International River Lessons for Los Angeles
Global Water Scarcity
July 31, 2018

The Los Angeles River is a staple of Southern California geography. The river spans 51 miles, 17 cities, and 23 LA neighborhoods. But despite its size and central location, many areas of the river still remain in concrete or surrounded by fencing and are largely avoided by Angelenos.

On July 21, the Pacific Council co-hosted a discussion about the future of LA River revitalization and how current plans compare to other global river revitalization projects. Participating in the panel were California Assembly Speaker Anthony Rendon, Representative from the Netherlands Province of Gelderland Gedeputeerde Josan Meijers, Consul at the Consulate General of the Republic of Korea in Los Angeles Taehoon Ku, and Chair of the Los Angeles Regional Water Quality Control Board Madelyn Glickfeld. Dr. Jose Fierro, president of Cerritos College, moderated the conversation.

Watch the full conversation below:

The discussion centered around current efforts to revitalize the river, specifically focusing on Speaker Rendon’s bill AB 530, which "describes opportunities for improving the environment and residents’ quality of life along the river." The bill, Rendon said, is "about setting up a community group to talk about the river.” The hope is to drastically change the landscape of the river, especially in Southeast Los Angeles.

The conversation also contrasted Los Angeles’ efforts with river revitalization projects around the world, with panelists sharing their successes and best practices.

"You see those revitalization efforts in other places and you start to wonder, ‘Why not here?’" Rendon asked.

"We always fought against the water, but we thought, ‘What if we stop fighting the water and start living with the water?’"

Josan Meijers

Panelists shared global examples to which Los Angeles can look for guidance. Meijers pointed to her experience with the Waal, the main distributary branch of the Rhine River in The Netherlands.

"We always fought against the water, but we thought, ‘What if we stop fighting the water and start living with the water?’"

That question spurred the "Room for the River" campaign which addressed flood risk, landscape design, and quality of the surrounding community.

Cheonggyecheon River in Seoul, South Korea


Ku had a similar sentiment about the Cheonggyecheon River in Seoul, which was restored and became a popular tourist hub and recreational spot for community members to enjoy. He asked the audience whether anybody had been on a date at the LA River. One person raised their hand.

Ku said he often took his wife on strolls at the newly restored Cheonggyecheon River. After revitalization, it became a spot where people could have coffee, take a walk, or go on a bike ride. The same could happen for the LA River, he said. It should be a place where people can go and share the atmosphere with loved ones.

"The river becomes a part of your life," he said.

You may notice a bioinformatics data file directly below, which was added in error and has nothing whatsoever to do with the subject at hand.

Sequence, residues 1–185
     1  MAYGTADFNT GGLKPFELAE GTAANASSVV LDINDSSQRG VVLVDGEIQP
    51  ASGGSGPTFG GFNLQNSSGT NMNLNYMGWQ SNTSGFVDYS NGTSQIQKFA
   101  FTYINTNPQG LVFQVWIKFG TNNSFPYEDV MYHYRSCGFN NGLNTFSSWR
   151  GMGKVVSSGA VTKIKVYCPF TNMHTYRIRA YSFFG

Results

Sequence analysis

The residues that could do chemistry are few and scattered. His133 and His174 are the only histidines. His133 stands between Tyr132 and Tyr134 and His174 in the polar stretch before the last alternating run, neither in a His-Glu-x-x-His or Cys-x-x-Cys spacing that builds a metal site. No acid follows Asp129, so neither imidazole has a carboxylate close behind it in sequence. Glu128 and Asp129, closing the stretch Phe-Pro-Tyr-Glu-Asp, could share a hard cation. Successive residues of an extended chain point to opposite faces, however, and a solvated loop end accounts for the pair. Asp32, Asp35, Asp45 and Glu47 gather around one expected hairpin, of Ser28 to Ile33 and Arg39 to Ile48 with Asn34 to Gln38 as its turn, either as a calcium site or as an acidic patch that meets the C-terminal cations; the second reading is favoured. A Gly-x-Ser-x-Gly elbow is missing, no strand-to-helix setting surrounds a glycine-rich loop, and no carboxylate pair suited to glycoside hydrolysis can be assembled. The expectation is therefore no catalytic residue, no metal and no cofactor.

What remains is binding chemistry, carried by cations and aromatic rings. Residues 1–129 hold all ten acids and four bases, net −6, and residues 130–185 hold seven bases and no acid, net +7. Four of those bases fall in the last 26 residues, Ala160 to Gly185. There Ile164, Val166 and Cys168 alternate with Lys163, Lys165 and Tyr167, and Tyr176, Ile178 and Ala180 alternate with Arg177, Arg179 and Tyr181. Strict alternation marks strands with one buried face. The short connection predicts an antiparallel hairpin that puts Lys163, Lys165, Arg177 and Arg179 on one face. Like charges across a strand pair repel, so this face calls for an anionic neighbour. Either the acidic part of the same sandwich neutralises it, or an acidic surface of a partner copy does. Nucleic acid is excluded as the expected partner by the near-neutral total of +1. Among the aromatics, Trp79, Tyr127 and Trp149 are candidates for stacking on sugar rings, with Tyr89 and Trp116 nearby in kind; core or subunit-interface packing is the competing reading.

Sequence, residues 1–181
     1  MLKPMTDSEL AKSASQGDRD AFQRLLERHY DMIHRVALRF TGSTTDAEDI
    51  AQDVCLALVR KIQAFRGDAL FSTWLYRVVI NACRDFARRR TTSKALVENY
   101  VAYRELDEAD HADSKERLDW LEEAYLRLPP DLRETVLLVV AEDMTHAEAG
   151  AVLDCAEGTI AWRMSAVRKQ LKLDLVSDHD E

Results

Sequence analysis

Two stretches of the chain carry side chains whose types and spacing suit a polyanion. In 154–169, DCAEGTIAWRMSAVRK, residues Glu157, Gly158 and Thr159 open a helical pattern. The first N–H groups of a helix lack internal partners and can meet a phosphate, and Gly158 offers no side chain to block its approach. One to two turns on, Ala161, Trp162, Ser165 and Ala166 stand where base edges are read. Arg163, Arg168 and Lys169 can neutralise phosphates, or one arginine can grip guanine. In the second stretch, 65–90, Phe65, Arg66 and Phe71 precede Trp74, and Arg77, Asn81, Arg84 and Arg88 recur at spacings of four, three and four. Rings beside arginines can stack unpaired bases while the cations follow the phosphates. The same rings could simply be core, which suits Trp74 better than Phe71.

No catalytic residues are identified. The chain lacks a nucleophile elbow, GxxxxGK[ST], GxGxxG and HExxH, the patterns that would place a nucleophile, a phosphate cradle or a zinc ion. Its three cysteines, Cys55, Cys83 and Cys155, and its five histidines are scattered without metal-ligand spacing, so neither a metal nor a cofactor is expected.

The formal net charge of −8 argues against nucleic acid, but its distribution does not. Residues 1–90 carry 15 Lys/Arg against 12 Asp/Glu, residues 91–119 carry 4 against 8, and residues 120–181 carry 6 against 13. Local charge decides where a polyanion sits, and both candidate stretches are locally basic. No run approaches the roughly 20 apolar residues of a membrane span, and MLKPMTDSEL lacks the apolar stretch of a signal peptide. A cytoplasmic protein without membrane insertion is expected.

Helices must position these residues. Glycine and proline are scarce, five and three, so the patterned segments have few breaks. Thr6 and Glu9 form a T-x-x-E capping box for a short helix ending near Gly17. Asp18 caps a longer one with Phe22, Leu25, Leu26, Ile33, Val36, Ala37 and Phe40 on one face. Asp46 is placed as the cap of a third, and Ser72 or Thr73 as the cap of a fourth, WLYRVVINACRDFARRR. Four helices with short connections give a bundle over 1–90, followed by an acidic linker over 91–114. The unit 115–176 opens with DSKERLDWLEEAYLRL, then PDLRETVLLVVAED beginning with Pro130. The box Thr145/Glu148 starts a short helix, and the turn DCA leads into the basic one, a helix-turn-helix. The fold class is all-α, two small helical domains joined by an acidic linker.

But discussions about the LA River have been happening for years, Fierro noted. What’s different this time?

"It’s not whether a new plan is better," Glickfeld said. "It’s one community members believe in." She said new leaders understand the practical needs of the river, like flood control, but also understand the importance of connection.

"We deserve better in Southeast Los Angeles County. We deserve a river that looks like some of the great rivers of the world."

Anthony Rendon

"That’s what’s changed," she said, "the attitudes of people who live here and the leaders they’ve chosen."

However, revitalizing the river doesn’t just provide entertainment benefits; it provides a public health benefit as well.

Rendon said the communities he represents are densely populated with very few parks. His district suffers from childhood obesity, early onset diabetes, and other health issues. "This river revitalization is essential to those efforts," he said.

Meijers also pointed to the health and education benefit of the Waal. People enjoy being in nature and near water, she said. Local schools now bring their classes on field trips to the river to learn about the water, safety, and the ecosystem. Community members spend time outdoors appreciating the river.

Los Angeles River


Knowing the possibilities of what has been done elsewhere, Fierro asked what the panelists would do for the LA River and its nearby communities if they "had a magic wand."

"For me, it’s about people coming down here and seeing it with their own eyes. Once they do that, their experiences and desires inform the process of river transformation," said Rendon.

Glickfeld said she’d like to see the storm drains opened up and turned into creeks, which would result in "clean water and a green river."

But with every infrastructure project comes associated costs. Meijers pointed to the return on investment she saw in The Netherlands, and Rendon agreed that while the investment needed to properly revitalize the LA River is substantial, it will ultimately benefit the community.

Waal River in The Netherlands


"Based on public opinion and park bonds that passed, it seems people understand those investments," he said. "We deserve better in Southeast Los Angeles County. We deserve a river that looks like some of the great rivers of the world."


Check out photos from this event on our Flickr page.

Learn more about our Global Water Scarcity Project.

Read more about river revitalization projects around the world here.

The views and opinions expressed here are those of the speakers and do not necessarily reflect the official policy or position of the Pacific Council.

Find a Member

Find a Member

Get Involved

Get Involved